Fruit Myths: where do they come from?

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meign
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Fruit Myths: where do they come from?

Postby meign » Oct 27, 2010 9:00 am

The Myth about the Lanzones Fruit

Lanzones are local berry-like fruits with light brown skin. The fruit itself is white inside. When ripe enough they have a subtle sweetness that tantalizes the taste buds and make them want to sample for more. But according to a local myth, it used to be a harmful fruit.

Before, according to the myth, the lanzones fruit was poisonous. The fruit looked edible enough, and in fact many were tempted to sample it. The myth says, the people wondered: How could anything that looked so good be so dangerous? Some people, despite the death toll, could not fight off the temptation once they see the fruits abundantly display themselves in clusters hanging invitingly on the lanzones tree. Several deaths in the village had been linked to eating its fruits, the myth adds.

One day, the myth says, a hungry old woman came to the village begging for food. The kind villagers gladly gave the old woman food and water and clothes to wear. They even offered her free lodging as long as she saw the need to stay with them. According to the myth, the woman was awed by the kindness of the villagers. One day, while staying with the people, she learned about the lanzones fruits that could not be eaten because they were poisonous. She asked the people where the tree was. They gladly obliged. Then, according to the myth, upon seeing the lanzones tree and its fruits, the old woman smiled knowingly. She announced to the people that the fruit was edible, to everyone’s wary delight.

She taught the villagers the proper way to pick, peel and eat the fruits of the lanzones tree. According to the myth, the old woman said that peeling the fruit by pinching it lets out a small amount of the white sticky sap from the fruit, and that served as an antidote to the poison of the fruit. Then, the myth says, she did it with a fruit and ate it. She did the same with another fruit, and another, and another. The myth says the villagers also discovered for themselves that the fruits were very edible and delicious. Since then, the villagers started planting more lanzones trees and it became a very lucrative source of income for everyone, the myth adds.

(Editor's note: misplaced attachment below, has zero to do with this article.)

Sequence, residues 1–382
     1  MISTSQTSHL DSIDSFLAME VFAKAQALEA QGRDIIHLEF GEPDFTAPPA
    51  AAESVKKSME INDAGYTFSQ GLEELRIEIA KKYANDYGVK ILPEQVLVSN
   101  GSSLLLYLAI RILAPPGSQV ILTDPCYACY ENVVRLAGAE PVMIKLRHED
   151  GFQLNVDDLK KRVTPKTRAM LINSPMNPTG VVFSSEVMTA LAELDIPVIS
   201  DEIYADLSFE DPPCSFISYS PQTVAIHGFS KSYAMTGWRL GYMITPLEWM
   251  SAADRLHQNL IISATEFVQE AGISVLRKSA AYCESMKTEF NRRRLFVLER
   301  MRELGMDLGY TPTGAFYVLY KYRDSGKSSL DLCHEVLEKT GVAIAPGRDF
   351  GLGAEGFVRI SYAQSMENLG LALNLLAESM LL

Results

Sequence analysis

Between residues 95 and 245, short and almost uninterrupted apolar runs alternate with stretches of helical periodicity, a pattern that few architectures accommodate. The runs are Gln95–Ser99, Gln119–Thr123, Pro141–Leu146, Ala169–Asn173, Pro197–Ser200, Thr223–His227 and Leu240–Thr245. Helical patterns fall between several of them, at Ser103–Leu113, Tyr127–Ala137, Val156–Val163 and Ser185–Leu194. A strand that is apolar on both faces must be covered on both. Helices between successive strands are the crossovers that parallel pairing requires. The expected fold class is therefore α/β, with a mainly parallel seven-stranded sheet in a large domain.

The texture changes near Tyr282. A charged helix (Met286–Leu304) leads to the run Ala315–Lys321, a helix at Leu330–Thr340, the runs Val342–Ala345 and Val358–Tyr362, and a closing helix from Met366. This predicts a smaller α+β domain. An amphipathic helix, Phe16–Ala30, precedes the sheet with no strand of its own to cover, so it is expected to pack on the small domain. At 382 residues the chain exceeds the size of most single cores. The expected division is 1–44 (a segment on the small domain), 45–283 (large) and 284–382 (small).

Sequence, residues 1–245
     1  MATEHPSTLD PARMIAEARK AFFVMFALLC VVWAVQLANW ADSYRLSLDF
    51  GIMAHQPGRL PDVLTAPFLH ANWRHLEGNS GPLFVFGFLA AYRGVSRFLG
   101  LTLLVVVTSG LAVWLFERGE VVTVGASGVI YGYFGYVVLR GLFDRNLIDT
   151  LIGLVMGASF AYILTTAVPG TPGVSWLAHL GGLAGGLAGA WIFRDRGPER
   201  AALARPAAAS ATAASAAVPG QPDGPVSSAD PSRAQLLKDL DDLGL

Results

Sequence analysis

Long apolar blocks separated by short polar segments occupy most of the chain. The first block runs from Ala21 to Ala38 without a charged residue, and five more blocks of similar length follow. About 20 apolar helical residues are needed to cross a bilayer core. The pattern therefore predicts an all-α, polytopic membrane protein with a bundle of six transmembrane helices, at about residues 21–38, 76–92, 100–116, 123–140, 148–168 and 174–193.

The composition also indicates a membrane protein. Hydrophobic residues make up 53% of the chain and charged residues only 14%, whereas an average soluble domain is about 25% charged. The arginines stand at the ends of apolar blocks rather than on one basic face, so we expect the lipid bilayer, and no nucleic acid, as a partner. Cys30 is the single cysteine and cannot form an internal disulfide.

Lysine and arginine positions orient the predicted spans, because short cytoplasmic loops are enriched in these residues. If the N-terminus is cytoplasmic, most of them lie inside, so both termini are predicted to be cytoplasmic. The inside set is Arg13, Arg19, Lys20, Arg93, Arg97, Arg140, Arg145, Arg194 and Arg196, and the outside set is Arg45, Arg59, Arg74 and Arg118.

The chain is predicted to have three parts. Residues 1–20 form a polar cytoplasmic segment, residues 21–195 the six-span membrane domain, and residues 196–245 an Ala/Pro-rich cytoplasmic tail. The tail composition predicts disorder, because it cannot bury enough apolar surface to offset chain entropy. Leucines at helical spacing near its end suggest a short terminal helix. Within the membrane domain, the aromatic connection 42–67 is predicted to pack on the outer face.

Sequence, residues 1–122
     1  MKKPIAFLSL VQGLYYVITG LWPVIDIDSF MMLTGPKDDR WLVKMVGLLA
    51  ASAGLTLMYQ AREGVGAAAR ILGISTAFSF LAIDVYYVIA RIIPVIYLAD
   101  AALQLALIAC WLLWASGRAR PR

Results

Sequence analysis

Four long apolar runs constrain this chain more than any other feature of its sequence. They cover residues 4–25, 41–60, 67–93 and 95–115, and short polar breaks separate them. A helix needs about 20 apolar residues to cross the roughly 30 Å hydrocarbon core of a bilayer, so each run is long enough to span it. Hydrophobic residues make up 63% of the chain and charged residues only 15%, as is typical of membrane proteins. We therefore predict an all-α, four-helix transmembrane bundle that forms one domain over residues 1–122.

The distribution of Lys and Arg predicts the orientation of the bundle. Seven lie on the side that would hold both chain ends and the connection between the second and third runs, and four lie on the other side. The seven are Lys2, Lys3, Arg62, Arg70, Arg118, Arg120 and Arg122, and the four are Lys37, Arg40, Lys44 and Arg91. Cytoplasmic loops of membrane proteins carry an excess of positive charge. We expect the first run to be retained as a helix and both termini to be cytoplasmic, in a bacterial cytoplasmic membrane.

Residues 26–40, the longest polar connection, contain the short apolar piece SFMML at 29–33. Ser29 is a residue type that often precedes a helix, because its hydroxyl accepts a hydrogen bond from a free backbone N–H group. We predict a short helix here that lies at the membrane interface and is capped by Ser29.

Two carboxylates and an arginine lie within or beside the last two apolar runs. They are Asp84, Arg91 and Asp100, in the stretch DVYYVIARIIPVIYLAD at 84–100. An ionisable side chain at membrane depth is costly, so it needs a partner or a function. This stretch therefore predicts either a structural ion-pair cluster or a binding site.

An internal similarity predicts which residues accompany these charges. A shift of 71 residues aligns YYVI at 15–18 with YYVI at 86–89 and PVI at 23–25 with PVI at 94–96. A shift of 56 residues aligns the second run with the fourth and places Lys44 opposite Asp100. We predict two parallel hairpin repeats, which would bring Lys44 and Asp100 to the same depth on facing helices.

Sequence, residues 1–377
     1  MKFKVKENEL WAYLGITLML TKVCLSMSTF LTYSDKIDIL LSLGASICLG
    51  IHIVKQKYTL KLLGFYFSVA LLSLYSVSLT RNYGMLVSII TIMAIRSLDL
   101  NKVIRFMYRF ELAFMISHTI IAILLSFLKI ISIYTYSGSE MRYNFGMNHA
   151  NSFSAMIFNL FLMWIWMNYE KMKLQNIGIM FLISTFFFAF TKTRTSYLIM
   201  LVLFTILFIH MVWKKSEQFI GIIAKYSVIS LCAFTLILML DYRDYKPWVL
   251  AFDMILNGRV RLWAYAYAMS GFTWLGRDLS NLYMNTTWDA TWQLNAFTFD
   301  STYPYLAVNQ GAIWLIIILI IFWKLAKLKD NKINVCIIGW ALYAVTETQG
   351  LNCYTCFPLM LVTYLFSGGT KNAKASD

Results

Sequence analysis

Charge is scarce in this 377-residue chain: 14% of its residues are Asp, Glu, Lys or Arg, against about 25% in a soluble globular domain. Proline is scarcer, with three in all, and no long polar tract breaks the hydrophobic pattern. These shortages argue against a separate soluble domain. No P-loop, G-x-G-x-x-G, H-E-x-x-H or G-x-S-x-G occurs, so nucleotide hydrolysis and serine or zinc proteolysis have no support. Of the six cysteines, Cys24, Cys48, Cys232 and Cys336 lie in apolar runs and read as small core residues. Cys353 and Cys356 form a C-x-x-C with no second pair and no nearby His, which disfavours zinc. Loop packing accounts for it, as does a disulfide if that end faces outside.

The Philippine myth on the lanzones tree and fruit reminds us that there is a proper procedure for doing things, even things untried before, to end up with a safe outcome.

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Re: Fruit Myths: where do they come from?

Postby meign » Oct 27, 2010 9:01 am

The Myth of the Guava Fruit

The guava fruit was said to be a poisonous fruit before, according to a Philippine myth on it. So how did it end up being so nutritious and delicious? There’s only one way to find out—read.

According to this myth, the guava fruit used to be a forbidden fruit. A long time ago, in a fruit orchard somewhere in the countryside, there lived a boy from the family of the Abas, the family who owned the fruit orchard. The boy Abas was very friendly and kind, says this myth, and soon the people in the place started calling him “Bay” (pronounced “buy”), the term used in the locality for super friendly and kind people. So as time went by, the myth says, the boy was known as Bay Abas.

Bay Abas was especially kind to the needy. So the myth says that every needy folk who came by to ask for fruit from their orchard he gave to liberally. Various fruit-bearing trees were in their orchard, and each one with ripe fruits he picked from and gave to anyone who asked. As he did, the myth purports that the orchard noticeably bore more fruits than any orchard in the locality. And more new trees also mysteriously appeared in their orchard, the myth adds.

But the myth says there was one tree in their orchard that bore inedible fruits. It was a tree of hard wood with branches spreading wide and open instead if straight up. Other fruit trees, the myth notes, grew straight up first and bore fruits high up there where they’re fruits were hard to pick. But this tree bore fruits even at low levels. But nobody dared, says this myth.

One day an old woman came by the orchard and asked Bay Abas some fruits to eat. Unfortunately, says the myth, not a tree had fruit that time, save the forbidden tree. Nonchalantly, he whispered a wish, or something like a prayer and, according to this myth, he thought of sampling the fruit to find out once and for all. HIs wish, says the myth, reached the ears of the forest gods. The fruit quickly turned edible just before he took his first bite. And so from that time on, the myth says the fruit became edible and named “Bayabas.”

This Philippine myth about the guava or “bayabas” tree compares the multi-nutritious guava fruit with the multi-faceted kindness of a boy named Bay Abas.